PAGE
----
Wednesday, January 28, 2009

Can we really renovate our way out of recession?

The sight of Prime Minister Stephen Harper on the evening news in casual attire using a nail gun looked as awkard as me wearing heels. This publicity stunt caught my attention, and I had to find out more. 

Touted as temporary, timely and targeted stimulus, The Conservative government's proposed Home Renovation Tax Credit came a few months too late for me! Sadly, this tax break for home renovations is NOT retroactive to Jan. 1, so I can't claim a credit for the tile work done last week, nor for all the materials I have purchased over the past few months. It is too bad because the total is nearing the HRTC limit of $10,000, which would have given me a healthy $1,350 tax credit (which could have been spent on even more renovations). This is one of the rare times that procrastination would have paid off, literally. But we had just started smashing out the floor tiles when we witnessed the first of many big crashes on the world stock markets. We could have put the renovation on hold, covering the plywood subfloor with a nice big bathmat, but I joked that my spending may stimulate the economy. And despite going over budget on this reno, one little home was not enough. So people, get out there and get renovating.

Or should we save? Am I the only one who finds it ironic that this is the same government that launched a massive plan just under a year ago to encourage Canadians to save? The Tax Free Savings Account (TFSA) is promoted as tax-free money for what matters to you. Every year, Canadains can put up to $5,000 in a registered TFSA account and the gains will be tax free and there is no penalty for withdrawls. But from what I understand, this intitiative was only created to make up for the Conversative's broken campaign promise to adjust the capital gains tax. I don't think that they really care that Canadians today have the lowest personal savings rate of all time. The airwaves (and cyberspace) are littered with ads for the TFSA, either from the government or from all the banks lobbying hard to have you open your account with them. Some say that "it's worth talk". And I guess that it is good for the banks to have something good to talk about these days, when all their news of late is full of doom and gloom. Although, I can't help thinking that if I'd had this TFSA last year, maybe I really would be "richer than I think".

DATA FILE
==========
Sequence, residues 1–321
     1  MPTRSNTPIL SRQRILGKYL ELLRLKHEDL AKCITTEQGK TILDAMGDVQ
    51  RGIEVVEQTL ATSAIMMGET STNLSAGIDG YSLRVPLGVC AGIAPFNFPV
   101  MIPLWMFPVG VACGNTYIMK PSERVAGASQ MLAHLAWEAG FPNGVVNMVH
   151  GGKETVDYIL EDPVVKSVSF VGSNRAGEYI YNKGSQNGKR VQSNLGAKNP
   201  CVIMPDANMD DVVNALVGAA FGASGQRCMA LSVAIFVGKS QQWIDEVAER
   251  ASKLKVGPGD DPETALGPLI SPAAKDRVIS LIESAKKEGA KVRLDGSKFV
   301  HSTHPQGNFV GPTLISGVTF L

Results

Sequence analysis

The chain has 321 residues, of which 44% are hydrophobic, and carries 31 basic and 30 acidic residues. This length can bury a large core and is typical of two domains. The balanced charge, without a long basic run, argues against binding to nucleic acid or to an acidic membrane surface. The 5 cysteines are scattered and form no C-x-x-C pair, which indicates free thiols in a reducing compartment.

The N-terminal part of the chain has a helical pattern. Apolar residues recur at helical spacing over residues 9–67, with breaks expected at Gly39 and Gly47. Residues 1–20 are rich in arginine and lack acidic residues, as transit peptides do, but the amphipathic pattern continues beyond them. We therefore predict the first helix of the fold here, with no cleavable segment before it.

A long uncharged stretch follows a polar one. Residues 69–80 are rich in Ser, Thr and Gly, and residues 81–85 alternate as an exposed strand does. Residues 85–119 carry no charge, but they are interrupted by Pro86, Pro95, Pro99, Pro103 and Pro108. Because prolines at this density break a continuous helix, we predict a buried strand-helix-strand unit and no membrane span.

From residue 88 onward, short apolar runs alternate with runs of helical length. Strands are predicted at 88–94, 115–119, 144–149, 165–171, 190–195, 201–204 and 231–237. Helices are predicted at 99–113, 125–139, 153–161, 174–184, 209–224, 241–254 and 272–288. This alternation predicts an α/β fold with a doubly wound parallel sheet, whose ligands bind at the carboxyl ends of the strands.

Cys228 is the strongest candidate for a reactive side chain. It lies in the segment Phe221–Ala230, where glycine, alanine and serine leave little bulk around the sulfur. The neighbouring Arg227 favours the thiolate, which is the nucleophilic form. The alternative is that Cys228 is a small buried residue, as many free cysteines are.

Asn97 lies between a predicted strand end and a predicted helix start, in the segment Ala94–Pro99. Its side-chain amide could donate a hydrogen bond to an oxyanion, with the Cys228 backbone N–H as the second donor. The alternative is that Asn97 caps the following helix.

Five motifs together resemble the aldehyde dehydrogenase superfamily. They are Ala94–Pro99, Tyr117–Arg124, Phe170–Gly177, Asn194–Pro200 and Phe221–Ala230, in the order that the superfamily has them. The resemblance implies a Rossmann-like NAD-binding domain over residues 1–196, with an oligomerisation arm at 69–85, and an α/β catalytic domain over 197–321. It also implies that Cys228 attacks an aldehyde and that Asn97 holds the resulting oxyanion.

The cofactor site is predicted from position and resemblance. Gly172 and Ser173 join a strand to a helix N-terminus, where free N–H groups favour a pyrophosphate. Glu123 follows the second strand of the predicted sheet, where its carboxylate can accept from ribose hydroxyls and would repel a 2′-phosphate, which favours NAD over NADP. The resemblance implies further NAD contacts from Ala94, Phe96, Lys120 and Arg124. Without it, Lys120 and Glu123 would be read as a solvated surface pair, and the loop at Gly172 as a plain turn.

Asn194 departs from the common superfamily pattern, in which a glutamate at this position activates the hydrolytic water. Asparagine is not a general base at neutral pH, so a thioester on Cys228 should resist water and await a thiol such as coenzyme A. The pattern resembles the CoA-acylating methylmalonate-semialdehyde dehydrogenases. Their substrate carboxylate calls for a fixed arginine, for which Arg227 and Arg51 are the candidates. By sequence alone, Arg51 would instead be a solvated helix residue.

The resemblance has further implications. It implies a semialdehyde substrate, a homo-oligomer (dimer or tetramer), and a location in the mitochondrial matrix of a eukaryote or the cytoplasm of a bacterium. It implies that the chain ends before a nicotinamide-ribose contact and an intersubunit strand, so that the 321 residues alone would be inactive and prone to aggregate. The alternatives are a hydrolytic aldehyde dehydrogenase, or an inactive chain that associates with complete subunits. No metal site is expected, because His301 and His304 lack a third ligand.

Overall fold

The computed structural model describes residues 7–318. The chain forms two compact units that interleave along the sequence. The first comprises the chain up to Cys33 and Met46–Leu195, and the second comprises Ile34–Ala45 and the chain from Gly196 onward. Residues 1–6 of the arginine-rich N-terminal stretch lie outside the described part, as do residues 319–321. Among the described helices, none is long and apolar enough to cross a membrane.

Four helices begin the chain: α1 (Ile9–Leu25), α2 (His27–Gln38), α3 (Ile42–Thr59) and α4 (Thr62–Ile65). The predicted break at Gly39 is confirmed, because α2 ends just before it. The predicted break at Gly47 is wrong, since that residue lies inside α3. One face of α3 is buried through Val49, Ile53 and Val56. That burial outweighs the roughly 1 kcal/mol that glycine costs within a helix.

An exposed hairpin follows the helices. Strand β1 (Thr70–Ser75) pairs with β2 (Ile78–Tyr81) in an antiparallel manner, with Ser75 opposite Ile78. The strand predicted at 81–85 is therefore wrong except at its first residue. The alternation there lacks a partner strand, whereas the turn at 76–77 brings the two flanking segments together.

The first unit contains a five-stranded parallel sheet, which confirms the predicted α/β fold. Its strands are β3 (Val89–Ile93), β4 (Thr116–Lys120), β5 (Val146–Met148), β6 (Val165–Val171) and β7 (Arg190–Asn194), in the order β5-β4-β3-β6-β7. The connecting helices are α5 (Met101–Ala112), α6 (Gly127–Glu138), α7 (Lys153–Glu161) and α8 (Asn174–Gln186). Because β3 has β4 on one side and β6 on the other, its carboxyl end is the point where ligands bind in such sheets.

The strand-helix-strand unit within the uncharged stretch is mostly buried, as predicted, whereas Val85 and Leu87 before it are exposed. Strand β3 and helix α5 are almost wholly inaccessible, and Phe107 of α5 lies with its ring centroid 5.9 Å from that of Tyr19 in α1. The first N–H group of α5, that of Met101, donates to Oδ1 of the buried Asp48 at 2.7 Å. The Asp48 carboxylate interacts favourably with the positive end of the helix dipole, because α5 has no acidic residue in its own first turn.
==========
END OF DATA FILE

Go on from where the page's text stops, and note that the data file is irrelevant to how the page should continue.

Both these programs remind me of when the Conservative's canceled the EnerGuide for Houses program. We were midaway through the program to make our home more energry efficient in exchange for expert advice and a small grant. Harper's cancellation made us rush our energy efficient retrofit work, from 18 months to only 8, without any guarantee that there'd be enought money left in the program to pay out the promised grant. It was a real disappointment. But when Harper launched his new program, it was vaugely similar, but rebranded with the media friendly prefix "Eco" in the title. 

So, the question remains: what should I do with all my extra money? Should I save it in last year's budget surprise: the TFSA. Or should I get myself a nail gun and continue stimulating the economy? Or should I say screw it all, and jump on the next plane to Costa Rica? Pura Vida, amigos!

1 comment:

Totalrenovering said...

Yeah, actually we can do it if we want. Because there's a lot of way to do that recession. I like also this article because its really interesting. Thank you for posting and keep up the good work. Really fabulous.